Invisible Men 

The disappearance of the black baseball player

African American participation in Major League Baseball today stands at its lowest point in 20 years.
African American participation in Major League Baseball today stands at its lowest point in 20 years—a meager 8.4 percent, vs. 28 percent as recently as 1975, the year Joe Morgan and Ken Griffey helped the Big Red Machine to the first of back-to-back World Series titles. Last Saturday, on a cold, rainy afternoon in Memphis, the Chicago White Sox and the New York Metropolitans played in the second Civil Rights Game, both to celebrate the movement that gave the exhibition game its title, and, perhaps more pressingly, to address what the game’s official program called the “gradual disappearance of the African American baseball player, and what to do about it.”

Why should we do something about it? After all, no one seems concerned that fewer whites are playing professional basketball or football than ever before. OK, maybe there are some people who are concerned. The NBA and NFL, however, don’t seem concerned that so few whites play their respective sports. But neither basketball nor football is our national pastime, and even if you could argue that one of them was, by citing some metric such as television viewership, revenue or jersey-popping per capita, we still wouldn’t call it our national pastime. In matters of the heart, symbolism always wins.

And baseball is still America’s heart. Baseball is still held to a higher standard than other sports—look no further than the ongoing steroids imbroglio for evidence of this—because of what it means to our national identity. What would it say about our country if baseball, the sport that integrated before public schools or the armed forces, really did reach a point where there were no longer any black players? As symbolism goes, this would be devastating. If we really are the greatest, most inclusive nation on earth, then it would say plenty—none of it good—if Jackie Robinson’s legacy in the Major Leagues were allowed to die out.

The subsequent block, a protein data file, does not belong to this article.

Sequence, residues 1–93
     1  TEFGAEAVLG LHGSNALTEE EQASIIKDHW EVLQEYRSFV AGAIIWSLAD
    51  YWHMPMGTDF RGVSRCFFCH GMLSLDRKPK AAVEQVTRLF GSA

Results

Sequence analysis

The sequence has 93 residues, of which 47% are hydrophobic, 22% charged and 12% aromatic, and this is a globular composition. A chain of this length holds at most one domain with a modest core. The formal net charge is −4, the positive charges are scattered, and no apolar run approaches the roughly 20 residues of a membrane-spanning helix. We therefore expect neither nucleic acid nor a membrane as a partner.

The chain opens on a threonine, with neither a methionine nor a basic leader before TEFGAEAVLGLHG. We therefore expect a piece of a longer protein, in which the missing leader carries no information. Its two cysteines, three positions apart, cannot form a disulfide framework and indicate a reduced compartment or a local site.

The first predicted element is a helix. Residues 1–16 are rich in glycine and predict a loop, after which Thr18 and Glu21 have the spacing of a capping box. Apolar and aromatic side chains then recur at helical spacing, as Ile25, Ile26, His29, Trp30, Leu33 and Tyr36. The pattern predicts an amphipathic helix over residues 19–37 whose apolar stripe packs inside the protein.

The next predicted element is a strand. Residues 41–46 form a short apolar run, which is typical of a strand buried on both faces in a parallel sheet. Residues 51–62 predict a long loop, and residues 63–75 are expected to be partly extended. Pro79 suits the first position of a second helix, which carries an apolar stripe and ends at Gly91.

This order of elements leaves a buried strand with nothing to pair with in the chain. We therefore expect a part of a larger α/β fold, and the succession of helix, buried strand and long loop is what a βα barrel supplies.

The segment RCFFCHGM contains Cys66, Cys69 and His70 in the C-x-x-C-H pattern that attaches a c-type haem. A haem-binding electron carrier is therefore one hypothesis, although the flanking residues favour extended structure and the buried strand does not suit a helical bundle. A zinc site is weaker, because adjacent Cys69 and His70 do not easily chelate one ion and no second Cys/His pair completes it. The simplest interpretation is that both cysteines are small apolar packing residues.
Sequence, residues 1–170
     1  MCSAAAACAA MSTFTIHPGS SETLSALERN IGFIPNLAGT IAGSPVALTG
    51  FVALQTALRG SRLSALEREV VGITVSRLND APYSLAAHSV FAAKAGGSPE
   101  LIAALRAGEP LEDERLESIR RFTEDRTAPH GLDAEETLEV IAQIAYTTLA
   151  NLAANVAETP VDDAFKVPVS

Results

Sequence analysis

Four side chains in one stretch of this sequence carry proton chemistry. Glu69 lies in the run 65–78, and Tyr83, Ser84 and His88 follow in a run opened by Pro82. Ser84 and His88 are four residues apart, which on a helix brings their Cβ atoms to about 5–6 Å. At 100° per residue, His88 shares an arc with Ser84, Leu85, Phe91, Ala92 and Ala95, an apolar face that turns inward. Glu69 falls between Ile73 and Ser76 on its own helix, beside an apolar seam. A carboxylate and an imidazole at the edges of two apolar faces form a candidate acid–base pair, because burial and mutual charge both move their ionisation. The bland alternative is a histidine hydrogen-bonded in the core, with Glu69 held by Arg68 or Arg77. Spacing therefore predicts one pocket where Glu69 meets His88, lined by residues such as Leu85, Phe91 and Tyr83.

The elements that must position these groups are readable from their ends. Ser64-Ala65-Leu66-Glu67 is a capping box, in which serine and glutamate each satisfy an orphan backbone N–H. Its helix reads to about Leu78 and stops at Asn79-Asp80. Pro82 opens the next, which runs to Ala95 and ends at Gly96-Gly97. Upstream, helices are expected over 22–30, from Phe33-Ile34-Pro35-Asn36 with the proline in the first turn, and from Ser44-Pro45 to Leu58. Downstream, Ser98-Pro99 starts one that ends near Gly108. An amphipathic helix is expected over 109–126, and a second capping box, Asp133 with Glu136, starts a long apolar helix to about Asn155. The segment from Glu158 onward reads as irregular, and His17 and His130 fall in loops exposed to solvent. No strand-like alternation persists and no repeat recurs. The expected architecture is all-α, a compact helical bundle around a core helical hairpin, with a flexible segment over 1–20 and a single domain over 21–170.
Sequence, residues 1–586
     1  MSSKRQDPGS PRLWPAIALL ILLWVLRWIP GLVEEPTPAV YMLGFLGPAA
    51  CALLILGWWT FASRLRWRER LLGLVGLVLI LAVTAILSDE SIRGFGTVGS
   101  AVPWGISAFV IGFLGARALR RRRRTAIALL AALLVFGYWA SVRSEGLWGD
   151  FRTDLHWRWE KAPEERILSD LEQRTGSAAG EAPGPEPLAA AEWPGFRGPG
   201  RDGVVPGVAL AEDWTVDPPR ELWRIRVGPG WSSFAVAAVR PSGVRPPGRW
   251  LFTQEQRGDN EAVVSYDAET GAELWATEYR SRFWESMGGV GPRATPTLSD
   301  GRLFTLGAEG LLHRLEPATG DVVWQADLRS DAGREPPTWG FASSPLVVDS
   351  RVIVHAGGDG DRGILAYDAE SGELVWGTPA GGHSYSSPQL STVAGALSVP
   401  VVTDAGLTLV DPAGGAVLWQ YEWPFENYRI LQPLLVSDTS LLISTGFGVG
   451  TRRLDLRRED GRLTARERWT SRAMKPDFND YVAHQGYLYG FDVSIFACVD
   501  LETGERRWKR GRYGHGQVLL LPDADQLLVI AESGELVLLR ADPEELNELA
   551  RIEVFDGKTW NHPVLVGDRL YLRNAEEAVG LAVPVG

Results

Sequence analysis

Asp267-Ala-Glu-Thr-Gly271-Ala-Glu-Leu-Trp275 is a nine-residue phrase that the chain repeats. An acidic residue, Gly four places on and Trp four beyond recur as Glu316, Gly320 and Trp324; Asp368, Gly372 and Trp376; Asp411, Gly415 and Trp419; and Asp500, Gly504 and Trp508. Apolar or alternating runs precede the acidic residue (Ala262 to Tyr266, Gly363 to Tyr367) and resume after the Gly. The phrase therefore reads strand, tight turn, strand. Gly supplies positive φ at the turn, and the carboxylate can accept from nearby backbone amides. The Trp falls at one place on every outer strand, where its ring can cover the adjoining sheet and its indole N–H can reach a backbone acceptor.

Understanding this, Bud Selig (no matter what you may think of him otherwise), has been proactive in promoting racial diversity in baseball. And Selig regards the significance of Jackie Robinson’s donning Dodger blue so highly that he unilaterally retired Robinson’s No. 42 across all Major League teams. The Civil Rights Game, in its second year, is the more visible front end of a movement within MLB to encourage wider participation in baseball by young black athletes. The RBI program (Reviving Baseball in Inner Cities) is one attempt to redress the dwindling numbers of blacks in the game. With its equipment and grounds-keeping costs, baseball is a difficult sport for young players to keep up with, especially at schools in the “inner city.” (I once heard the poet Gwendolyn Brooks give a talk in which she expressed her dislike for the term “inner city.” Despite its apparent specificity, it really means “poor black area,” no matter what part of the city it actually occupies.)

Throughout the weekend’s Civil Rights Game festivities, the term “diversity” was out in force. Promo materials trumpeted its importance: “The White Sox have long championed diversity”; “The Mets have been a diverse bunch since their inception in 1962.” Ironically, at a time when the percentage of black Major Leaguers is hovering in the single digits, baseball today is more racially diverse than it ever has been. From Ichiro to Johan Santana, Dice-K to Big Papi, the game is attracting foreign-born talent—and courting it as well. Major League Baseball may have opened the Urban Youth Academy in Compton, Calif., with the goal of “bringing opportunities to urban youth throughout the country”—“urban” being the latest code word for “black”—but 28 of the 30 teams already operate baseball academies in the Dominican Republic, where the majority of the nation’s approximately 9.7 million people live in poverty and where players can be developed for pennies on the dollar compared to so-called “urban” youths in the U.S. On opening day last year, there were 98 Major Leaguers of Dominican heritage, roughly 11.5 percent of players.

Not everyone loves the internationalization of the sport. When Washington opened its new ballpark last Sunday by hosting the Braves, it was only sort of opening day. The Red Sox and A’s had already played two games—which both counted on their regular season records—in Tokyo. When ESPN broadcaster John Miller mentioned this fact, his partner in the booth, the very same Joe Morgan who in 1975 was playing in a sport just four years removed from seeing the Pittsburgh Pirates field an all-black lineup, replied rather sourly, “I only recognize this one”—meaning that any “opening day” that didn’t happen on U.S soil wasn’t really opening day.

With more and more young black athletes choosing football and basketball, it’s hard to know what the future of baseball will look like. Will “diversity” come to include more Native and Asian Americans? Openly gay players? In the meantime, a very good baseball game (the Mets won, 3-2) was played in a beautiful park in a richly historic city to celebrate one era of change, and, hopefully, to stave off another.


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